Leadership and Management

Leadership and Management

The scientific management theory was proposed by Frederick Taylor and was aimed at ensuring efficiency at the workplace. The principles proposed by Taylor include using efficient methods to perform tasks, assigning tasks based on capability, training workers, performance monitoring and supervision, and effectively allocating work among employees and managers. In my workplace, the procedure of oxygen administration is inefficient. Before undertaking this procedure, nurses are expected to go through all the documentation with another nurse. The nursing supervisor also has to verify the papers and give approval. This takes a long period, which could lead to the deterioration of the patients’ condition especially if they urgently need care (Duffield, Gardner & Catling‐Paull, 2008). Another inefficient routine is the admission of patients. Routine admission tests are performed on the patients regardless of whether the patient had undergone the same tests recently. In most cases, therefore, these tests are redundant and unnecessary.

The scientific management theory supports formal organizational structures where managers have unchallenged authority in order to achieve organizational control, productivity and internal efficiency. However, exercising too much authority by managers, for instance, making sure that they approve every procedure such as oxygen administration can lead to inefficiency. Moreover, designation of specific procedures for every task such as mandatory tests and strict supervision of nurses causes inefficiency, unnecessary costs to the hospital and reduced job satisfaction (Campbell, Fowles & Weber, 2004). Participative decision-making occurs in the workplace when setting the procedures and policies for patient care. The nurses give their views on the best ways to deliver patient care and take part in making decisions that affect the scope and nature of their practice (Weston, 2010). Involving nurses in decision-making is important because nurses are directly involved in the patients’ clinical care. Such involvement motivates nurses and thus encourages them to commit to better organizational outcomes.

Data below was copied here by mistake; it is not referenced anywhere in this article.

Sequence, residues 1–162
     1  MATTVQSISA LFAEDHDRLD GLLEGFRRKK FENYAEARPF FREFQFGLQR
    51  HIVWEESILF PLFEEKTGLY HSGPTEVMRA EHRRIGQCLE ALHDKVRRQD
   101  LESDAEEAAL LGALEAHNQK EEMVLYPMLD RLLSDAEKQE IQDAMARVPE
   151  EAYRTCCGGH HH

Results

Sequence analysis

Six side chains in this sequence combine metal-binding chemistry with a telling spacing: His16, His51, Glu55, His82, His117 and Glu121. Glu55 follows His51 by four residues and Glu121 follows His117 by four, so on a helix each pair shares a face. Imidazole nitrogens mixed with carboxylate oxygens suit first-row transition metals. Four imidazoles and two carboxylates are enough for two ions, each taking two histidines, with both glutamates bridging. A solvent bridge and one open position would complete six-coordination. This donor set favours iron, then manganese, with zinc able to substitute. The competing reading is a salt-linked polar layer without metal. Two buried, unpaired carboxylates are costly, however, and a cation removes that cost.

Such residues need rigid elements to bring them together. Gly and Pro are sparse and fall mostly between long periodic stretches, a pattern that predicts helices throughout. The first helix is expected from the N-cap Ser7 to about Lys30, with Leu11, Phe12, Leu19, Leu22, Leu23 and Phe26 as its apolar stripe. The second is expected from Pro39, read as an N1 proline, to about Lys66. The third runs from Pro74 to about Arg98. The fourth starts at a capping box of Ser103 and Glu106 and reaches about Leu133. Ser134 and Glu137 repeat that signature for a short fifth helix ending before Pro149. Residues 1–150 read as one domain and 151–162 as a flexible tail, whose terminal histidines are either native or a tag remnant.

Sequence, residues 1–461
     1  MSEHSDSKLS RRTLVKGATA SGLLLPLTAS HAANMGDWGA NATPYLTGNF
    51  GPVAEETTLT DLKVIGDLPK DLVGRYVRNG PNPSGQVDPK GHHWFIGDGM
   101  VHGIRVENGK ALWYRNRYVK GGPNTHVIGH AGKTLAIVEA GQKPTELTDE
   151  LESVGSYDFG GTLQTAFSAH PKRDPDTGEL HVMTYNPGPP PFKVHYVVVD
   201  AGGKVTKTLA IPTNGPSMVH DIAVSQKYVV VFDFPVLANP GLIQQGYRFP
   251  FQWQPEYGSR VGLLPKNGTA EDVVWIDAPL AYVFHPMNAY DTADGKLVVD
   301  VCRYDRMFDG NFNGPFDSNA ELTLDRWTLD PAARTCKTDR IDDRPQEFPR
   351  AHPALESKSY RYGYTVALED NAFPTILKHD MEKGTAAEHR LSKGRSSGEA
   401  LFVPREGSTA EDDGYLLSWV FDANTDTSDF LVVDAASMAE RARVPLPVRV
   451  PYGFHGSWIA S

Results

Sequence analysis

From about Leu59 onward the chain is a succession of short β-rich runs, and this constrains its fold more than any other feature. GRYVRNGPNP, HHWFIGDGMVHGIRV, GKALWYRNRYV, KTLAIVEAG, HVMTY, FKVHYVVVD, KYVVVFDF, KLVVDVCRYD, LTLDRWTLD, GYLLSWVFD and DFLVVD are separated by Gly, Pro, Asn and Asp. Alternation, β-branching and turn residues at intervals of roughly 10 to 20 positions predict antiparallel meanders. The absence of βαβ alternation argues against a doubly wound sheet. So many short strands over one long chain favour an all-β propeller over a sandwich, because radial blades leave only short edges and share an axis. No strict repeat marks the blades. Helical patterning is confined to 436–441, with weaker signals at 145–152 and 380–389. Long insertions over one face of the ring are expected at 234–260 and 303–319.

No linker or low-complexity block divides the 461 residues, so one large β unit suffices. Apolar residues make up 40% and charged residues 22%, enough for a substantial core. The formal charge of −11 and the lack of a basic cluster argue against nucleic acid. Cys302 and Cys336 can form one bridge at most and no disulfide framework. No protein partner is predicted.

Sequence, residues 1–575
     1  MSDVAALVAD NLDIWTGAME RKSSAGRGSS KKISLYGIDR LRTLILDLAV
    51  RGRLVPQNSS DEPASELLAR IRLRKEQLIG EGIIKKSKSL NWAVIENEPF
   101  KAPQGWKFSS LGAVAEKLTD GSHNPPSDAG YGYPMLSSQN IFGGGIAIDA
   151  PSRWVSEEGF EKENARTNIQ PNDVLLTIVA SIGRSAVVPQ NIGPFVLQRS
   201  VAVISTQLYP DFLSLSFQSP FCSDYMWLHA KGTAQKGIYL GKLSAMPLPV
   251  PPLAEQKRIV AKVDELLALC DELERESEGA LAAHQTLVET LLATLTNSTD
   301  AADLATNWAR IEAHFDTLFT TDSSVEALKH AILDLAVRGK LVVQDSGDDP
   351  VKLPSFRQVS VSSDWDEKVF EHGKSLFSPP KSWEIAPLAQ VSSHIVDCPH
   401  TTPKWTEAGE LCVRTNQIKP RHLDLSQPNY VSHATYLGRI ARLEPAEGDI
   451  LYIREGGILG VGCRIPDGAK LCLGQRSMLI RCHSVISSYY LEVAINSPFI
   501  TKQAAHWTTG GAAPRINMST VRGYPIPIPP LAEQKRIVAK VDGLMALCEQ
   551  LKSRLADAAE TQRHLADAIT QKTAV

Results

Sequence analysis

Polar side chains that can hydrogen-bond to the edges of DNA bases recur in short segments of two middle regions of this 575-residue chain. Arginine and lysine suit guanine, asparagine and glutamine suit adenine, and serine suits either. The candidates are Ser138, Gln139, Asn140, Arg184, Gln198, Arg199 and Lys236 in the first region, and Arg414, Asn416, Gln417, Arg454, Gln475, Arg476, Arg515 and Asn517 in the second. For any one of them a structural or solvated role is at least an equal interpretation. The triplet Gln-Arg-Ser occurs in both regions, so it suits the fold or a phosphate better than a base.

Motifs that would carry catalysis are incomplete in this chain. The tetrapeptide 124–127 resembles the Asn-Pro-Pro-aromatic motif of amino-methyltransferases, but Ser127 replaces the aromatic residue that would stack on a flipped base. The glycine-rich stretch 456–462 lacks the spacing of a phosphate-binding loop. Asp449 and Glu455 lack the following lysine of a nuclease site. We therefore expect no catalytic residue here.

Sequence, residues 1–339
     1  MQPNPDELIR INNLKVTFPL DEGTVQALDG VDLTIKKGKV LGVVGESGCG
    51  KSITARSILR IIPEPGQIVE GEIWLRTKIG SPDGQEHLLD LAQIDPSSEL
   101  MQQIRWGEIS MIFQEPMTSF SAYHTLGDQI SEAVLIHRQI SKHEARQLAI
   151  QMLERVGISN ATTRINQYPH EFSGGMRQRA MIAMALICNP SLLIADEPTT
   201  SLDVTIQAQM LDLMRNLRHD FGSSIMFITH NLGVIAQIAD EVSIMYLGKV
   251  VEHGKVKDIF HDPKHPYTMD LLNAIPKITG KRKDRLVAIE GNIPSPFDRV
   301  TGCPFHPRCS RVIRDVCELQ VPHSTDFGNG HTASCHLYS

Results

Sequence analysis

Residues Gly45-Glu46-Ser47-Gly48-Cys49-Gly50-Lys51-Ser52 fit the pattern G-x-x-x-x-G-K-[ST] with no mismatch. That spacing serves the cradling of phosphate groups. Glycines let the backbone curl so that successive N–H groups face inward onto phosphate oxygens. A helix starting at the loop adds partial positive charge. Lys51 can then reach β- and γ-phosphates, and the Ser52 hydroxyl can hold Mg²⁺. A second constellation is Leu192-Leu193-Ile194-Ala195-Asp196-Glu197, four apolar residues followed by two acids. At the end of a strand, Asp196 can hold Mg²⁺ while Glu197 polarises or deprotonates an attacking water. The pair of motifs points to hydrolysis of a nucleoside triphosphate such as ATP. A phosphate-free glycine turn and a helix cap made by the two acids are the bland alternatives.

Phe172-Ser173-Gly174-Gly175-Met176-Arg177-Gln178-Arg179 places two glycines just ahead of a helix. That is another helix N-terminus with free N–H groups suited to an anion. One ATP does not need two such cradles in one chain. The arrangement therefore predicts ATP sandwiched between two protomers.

Duffield, C., Gardner, G., & Catling‐Paull, C. (2008). Nursing work and the use of nursing time. Journal of Clinical Nursing, 17(24), 3269-3274.

Campbell, S. L., Fowles, E. R., & Weber, B. J. (2004). Organizational structure and job satisfaction in public health nursing. Public Health Nursing, 21(6), 564-571.

Weston, M. J. (2010). Strategies for enhancing autonomy and control over nursing practice. The Online Journal of Issues in Nursing, 15(1), 13-19.


Use the order calculator below and get started! Contact our live support team for any assistance or inquiry.